This Monday marks the first full week back for most school pupils across England and Wales after coronavirus restrictions were fully lifted.
Although regular testing is being used, rules on social distancing and face masks in class have been scrapped.
The school bubbles system has also been ditched and students will only have to isolate if they test positive for Covid-19 themselves.
Experts have warned of a rapid rise in cases without these measures in place.
The Joint Committee on Vaccination and Immunisation (JCVI) has further decided against universal Covid-19 vaccines for children aged between 12 and 15, instead only advising those who have underlying health conditions to get the jab.
Cases are more than 30 times higher among children than they were at this time last year before the second wave.
In the week to August 28, there were more than 300 Covid cases per 100,000 among five to 15-year-olds. In the same week of 2020 there were less than 10 per 100,000.
But education secretary Gavin Williamson has insisted he wants to see a return to normality and will ‘move heaven and earth’ to avoid shutting schools again if there is a rise in infections.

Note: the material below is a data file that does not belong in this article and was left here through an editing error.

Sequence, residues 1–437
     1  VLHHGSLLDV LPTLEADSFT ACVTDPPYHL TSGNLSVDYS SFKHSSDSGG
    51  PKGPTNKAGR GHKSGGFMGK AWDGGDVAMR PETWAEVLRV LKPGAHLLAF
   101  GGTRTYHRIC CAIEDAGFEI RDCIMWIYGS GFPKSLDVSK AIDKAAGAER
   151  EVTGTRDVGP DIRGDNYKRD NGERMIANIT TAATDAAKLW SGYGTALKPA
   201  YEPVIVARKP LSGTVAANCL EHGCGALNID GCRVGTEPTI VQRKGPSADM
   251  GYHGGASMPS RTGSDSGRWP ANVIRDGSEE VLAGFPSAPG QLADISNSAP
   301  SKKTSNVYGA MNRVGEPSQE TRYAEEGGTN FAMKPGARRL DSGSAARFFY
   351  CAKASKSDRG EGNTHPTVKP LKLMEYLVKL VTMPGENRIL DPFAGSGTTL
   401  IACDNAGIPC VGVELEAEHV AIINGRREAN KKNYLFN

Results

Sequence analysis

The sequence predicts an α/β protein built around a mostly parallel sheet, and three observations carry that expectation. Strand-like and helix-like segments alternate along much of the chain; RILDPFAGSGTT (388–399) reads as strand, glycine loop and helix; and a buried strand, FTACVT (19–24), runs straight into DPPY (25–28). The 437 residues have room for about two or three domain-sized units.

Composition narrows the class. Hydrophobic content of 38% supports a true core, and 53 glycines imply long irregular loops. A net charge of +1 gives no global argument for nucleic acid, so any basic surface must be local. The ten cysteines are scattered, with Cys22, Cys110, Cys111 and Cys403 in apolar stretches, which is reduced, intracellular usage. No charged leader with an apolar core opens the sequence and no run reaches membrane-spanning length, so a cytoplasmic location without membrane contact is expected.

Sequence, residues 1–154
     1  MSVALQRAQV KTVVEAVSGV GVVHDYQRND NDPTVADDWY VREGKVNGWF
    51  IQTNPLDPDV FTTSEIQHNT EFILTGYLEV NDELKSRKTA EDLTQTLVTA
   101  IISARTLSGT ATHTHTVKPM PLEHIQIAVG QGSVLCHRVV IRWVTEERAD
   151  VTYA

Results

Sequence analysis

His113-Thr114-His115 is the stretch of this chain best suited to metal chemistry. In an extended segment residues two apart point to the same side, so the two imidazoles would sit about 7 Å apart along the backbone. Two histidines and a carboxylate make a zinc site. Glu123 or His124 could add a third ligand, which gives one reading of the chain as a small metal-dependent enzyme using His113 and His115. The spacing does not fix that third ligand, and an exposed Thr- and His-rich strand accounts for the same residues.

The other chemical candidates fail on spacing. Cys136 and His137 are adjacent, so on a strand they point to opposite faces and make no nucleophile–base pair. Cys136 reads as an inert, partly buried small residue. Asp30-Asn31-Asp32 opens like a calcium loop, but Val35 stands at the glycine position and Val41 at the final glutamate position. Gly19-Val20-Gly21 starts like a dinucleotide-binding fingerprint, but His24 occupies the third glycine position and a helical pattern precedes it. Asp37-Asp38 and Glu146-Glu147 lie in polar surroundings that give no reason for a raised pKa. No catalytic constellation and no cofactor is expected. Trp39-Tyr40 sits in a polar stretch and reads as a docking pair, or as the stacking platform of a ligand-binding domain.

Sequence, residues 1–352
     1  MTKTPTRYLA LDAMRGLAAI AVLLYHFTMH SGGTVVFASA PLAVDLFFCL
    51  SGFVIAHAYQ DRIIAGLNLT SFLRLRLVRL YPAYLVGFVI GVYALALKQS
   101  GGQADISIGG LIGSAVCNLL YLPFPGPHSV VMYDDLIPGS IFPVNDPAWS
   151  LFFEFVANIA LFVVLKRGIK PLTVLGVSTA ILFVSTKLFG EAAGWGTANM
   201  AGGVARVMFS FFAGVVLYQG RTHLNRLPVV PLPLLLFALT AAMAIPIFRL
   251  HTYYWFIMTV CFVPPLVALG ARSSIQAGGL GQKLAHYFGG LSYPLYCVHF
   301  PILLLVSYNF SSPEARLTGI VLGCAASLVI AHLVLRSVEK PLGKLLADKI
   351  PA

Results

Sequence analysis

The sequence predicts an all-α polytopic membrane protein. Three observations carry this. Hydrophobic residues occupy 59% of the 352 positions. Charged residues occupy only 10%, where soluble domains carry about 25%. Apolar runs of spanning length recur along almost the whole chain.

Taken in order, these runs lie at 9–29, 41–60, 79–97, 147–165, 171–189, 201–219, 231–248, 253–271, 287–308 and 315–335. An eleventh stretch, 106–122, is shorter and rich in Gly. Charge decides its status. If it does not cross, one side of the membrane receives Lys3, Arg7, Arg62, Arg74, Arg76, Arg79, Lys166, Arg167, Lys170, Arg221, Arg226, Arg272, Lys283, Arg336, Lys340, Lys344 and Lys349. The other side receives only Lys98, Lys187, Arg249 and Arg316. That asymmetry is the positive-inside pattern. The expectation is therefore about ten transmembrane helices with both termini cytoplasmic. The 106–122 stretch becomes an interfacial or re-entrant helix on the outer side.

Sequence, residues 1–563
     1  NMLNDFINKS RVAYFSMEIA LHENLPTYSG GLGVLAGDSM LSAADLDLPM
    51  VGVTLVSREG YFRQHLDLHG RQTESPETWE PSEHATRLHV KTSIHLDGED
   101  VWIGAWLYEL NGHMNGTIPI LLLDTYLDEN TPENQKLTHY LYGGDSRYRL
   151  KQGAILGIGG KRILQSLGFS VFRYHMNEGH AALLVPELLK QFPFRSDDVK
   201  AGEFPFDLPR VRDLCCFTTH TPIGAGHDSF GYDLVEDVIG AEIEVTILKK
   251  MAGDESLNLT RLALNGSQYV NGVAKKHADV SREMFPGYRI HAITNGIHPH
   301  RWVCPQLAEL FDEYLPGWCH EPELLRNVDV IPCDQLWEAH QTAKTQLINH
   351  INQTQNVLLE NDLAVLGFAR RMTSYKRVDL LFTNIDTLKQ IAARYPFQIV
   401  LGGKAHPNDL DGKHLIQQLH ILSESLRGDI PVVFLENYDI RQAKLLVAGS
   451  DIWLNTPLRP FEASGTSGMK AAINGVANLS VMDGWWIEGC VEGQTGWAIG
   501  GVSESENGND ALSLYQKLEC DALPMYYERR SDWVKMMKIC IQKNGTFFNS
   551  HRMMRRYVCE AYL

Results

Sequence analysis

The minister told LBC radio: ‘I will move heaven and earth to make sure that we aren’t in a position of having to close schools.’
He added he was ‘absolutely’ confident pupils will get their GCSEs and A-levels at the end of this school year after exams were cancelled for two years in a row due to the pandemic.
‘We’ve had two years where we’ve not been able to run a normal series of exams,’ he said.
‘I don’t think anyone wants to see a third year of that. We want to get back to normal, not just in terms of what the classroom experience is like but also the exam experience.’
But in the event of an outbreak, Mr Williamson did not rule out outdoor classes and assemblies.
He told BBC Radio 4’s Today programme: ‘It is certainly not something that we’d be expecting to see an awful lot of, especially in autumn and winter.’
A Department for Education spokesman said it hopes to make a balance between making schools safe this, and reducing disruption to learning.
A statement said: ‘We know the past 18 months have been incredibly difficult for young people, and we have invested more than £17 million to build on the mental health support currently available in schools.’
Concerns about a possible autumn spike across the UK have grown after schools returned a fortnight ago in Scotland.
The country’s cases have been rising over the last week, with 6,368 new cases reported yesterday.
Case numbers doubled in a week after classrooms reopened and Scotland’s deputy first minister John Swinney said the rise was partly fuelled by the return of schools after the summer holidays.
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